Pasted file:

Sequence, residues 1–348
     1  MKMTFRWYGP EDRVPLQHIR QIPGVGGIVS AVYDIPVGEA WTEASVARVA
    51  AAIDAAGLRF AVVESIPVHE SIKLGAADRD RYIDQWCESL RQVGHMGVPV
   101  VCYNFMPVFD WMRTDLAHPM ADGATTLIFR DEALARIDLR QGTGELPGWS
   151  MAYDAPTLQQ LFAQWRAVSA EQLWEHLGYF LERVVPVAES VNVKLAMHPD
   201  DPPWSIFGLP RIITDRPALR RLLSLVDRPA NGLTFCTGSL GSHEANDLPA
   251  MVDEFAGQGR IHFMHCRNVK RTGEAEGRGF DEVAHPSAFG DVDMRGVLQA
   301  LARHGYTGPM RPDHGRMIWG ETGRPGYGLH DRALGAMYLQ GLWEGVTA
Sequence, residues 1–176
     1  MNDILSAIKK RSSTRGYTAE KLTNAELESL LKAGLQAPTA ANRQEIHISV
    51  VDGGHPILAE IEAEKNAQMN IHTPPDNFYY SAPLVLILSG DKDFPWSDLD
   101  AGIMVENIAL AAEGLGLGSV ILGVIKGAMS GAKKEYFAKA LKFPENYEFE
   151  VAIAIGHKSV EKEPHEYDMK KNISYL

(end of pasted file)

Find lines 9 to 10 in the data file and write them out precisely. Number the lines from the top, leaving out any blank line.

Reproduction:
Sequence, residues 1–176
     1  MNDILSAIKK RSSTRGYTAE KLTNAELESL LKAGLQAPTA ANRQEIHISV